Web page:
Series: Red Rising Trilogy #2
Also by this author: Red Rising
Published by Del Rey on January 6, 2015
Genres: Dystopian, Science Fiction
Also in this series: Red Rising
With shades of The Hunger Games, Ender’s Game, and Game of Thrones, debut author Pierce Brown’s genre-defying epic Red Rising hit the ground running and wasted no time becoming a sensation. Golden Son continues the stunning saga of Darrow, a rebel forged by tragedy, battling to lead his oppressed people to freedom.As a Red, Darrow grew up working the mines deep beneath the surface of Mars, enduring backbreaking labor while dreaming of the better future he was building for his descendants. But the Society he faithfully served was built on lies. Darrow’s kind have been betrayed and denied by their elitist masters, the Golds—and their only path to liberation is revolution. And so Darrow sacrifices himself in the name of the greater good for which Eo, his true love and inspiration, laid down her own life. He becomes a Gold, infiltrating their privileged realm so that he can destroy it from within. A lamb among wolves in a cruel world, Darrow finds friendship, respect, and even love—but also the wrath of powerful rivals. To wage and win the war that will change humankind’s destiny, Darrow must confront the treachery arrayed against him, overcome his all-too-human desire for retribution—and strive not for violent revolt but a hopeful rebirth. Though the road ahead is fraught with danger and deceit, Darrow must choose to follow Eo’s principles of love and justice to free his people. He must live for more.Advance praise for Golden Son “Pierce Brown is a prodigy. As great as the first book of the Red Rising Trilogy is, Golden Son is even better. A wild ride full of suspense, intrigue, and serious ass-kicking bravado, it’s expertly written and emotionally engaging, with top-notch universe-building that begs for further exploration. I want more!”—Christopher Golden, New York Times bestselling author of Snowblind “The stakes are even higher than they were in Red Rising, and the twists and turns of the story are every bit as exciting. The jaw-dropper of an ending will leave readers hungry for the conclusion to Brown’s wholly original, completely thrilling saga.”—Booklist (starred review) “Dramatic . . . the rare middle book that loses almost no momentum as it sets up the final installment.”—Publishers Weekly “Darrow is an assertive hero. . . . Comparisons to The Hunger Games and Game of Thrones series are inevitable, for this tale has elements of both.”—Kirkus Reviews Praise for Pierce Brown’s Red Rising “[A] spectacular adventure . . . one heart-pounding ride . . . Pierce Brown’s dizzyingly good debut novel evokes The Hunger Games, Lord of the Flies, and Ender’s Game. . . . [Red Rising] has everything it needs to become meteoric.”—Entertainment Weekly “[A] top-notch debut novel . . . Red Rising ascends above a crowded dystopian field.”—USA Today “Compulsively readable and exceedingly entertaining . . . [a] must for both fans of classic sci-fi and fervent followers of new school dystopian epics.”—Examiner.com “A story of vengeance, warfare and the quest for power . . . reminiscent of The Hunger Games and Game of Thrones.”—Kirkus Reviews “Fast-paced, gripping, well-written—the sort of book you cannot put down.”—Terry BrooksFrom the Hardcover edition.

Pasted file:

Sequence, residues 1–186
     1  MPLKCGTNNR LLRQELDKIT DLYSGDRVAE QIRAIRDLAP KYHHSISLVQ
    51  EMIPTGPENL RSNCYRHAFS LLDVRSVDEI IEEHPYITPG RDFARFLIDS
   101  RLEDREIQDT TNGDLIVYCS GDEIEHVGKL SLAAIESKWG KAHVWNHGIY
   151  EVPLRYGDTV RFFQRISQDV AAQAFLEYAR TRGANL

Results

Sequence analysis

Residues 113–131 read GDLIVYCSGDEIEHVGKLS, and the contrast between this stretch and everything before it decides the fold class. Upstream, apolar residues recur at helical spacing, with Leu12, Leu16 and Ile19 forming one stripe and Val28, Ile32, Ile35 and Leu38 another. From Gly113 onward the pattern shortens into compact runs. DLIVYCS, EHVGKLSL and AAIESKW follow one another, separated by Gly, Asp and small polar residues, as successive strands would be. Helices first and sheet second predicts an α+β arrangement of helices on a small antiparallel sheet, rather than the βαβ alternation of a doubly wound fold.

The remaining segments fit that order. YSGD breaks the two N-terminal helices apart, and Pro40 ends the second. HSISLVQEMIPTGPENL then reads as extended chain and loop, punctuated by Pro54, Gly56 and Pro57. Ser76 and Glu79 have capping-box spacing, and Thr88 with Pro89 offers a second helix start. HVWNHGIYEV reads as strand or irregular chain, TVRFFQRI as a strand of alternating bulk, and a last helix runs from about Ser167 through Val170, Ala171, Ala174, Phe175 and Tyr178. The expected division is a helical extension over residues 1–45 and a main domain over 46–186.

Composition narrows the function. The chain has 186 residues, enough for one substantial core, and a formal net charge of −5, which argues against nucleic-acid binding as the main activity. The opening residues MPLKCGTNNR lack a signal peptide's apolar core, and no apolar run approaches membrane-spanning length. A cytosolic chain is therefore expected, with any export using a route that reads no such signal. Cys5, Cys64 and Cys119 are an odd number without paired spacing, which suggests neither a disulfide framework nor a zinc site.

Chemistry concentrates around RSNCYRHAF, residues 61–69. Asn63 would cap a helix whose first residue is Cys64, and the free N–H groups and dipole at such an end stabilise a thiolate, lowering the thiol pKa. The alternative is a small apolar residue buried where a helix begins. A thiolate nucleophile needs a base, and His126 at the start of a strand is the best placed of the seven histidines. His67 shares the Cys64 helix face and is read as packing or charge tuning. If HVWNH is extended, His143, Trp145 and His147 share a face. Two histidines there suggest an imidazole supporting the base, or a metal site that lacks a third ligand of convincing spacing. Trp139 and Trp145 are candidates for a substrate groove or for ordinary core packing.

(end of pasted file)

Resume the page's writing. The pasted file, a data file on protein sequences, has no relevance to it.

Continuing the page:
Bloodydamn! This is one hell of a second book, it’s just as dark and deadly and addictive as Red Rising. This is turning out to be a hard review to write because I can’t stop thinking about the ending. I wouldn’t say it eclipses the rest of the book since the rest of it is what brought about the ending, but it certainly makes it harder for me to focus (in a good way). And just to give an early heads up, this is not a cleanly closed, happy rainbows type of ending.
The beginning definitely felt reminiscent of Enders Game, more so than anything in Red Rising. Darrow is entrenched in battle that will determine the course of the book. Since most of the battles in Red Rising were on the ground during their time at the Academy, the opening battle in space just felt different. I’m not saying that because it’s a negative point or even something unexpected (I mean, we knew he would be commanding a fleet). This book carried the strengths of the first book onward.
Once again, Darrow examines the cost of both life and the quality of life, the option of free will/choices for all people regardless of color in this visibly tiered society. Loyalty to friends, peers, society are all evaluated. One thing I love about this book and series is that living amongst the Golds humanizes them and gives Darrow a better understanding of why they are the way they are. While he may hate the choices they make in respect to the other classes, he now understands their logic. And he can see that Golds do not live the easy life that he thought they did when looking from the outside. They are not all purely evil (notice I said not all … there are some evil Golds out there. Some really evil Golds).
Darrow struggles a bit in this book as he tries to come to terms with Golds that he now sees as true friends, and yet knowing they don’t truly know him. How can a friendship work when such a huge part of who he is must remain a secret. And if they knew, could they still seem him as the person he is or will they see him as a traitor, as a Red that has deceived and manipulated them? His relationship with Mustang is complicated further as he struggles with memories of Eo and his commitment to her. He learns the importance of friendship, and not taking people for granted.
Readers who are bothered by books that end in the middle of action might be frustrated when they get to the final pages of this. But, personally, I loved it. And when the next book comes around, I’ll remember exactly how this ends, and I’m just counting down until I can read the final book in the trilogy.